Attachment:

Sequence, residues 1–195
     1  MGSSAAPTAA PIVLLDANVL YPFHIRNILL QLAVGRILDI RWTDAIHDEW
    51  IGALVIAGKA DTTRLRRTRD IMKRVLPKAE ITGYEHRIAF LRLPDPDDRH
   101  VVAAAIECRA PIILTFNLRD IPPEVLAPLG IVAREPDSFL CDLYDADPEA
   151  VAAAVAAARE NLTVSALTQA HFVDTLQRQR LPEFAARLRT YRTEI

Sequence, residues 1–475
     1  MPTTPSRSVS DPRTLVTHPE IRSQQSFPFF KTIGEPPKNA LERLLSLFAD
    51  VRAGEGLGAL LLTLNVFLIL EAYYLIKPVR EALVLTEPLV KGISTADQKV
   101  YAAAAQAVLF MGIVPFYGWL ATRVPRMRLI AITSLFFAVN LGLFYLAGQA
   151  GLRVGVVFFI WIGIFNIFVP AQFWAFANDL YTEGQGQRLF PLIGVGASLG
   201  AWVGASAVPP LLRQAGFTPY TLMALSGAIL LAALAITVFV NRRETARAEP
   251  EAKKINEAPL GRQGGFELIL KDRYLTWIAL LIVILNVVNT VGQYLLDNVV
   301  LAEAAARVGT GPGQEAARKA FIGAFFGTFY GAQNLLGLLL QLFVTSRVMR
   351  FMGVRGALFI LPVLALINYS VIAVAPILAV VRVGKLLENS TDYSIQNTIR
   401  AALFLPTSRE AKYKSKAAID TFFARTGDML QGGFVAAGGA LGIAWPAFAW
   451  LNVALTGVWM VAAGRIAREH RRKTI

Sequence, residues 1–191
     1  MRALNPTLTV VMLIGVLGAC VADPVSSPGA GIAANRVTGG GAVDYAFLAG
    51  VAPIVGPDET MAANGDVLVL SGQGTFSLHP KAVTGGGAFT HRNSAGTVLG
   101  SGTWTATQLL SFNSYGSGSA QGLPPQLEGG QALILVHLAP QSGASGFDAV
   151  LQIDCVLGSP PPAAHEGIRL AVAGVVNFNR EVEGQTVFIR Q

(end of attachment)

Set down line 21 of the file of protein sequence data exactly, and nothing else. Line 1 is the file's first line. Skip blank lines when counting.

   151  LQIDCVLGSP PPAAHEGIRL AVAGVVNFNR EVEGQTVFIR Q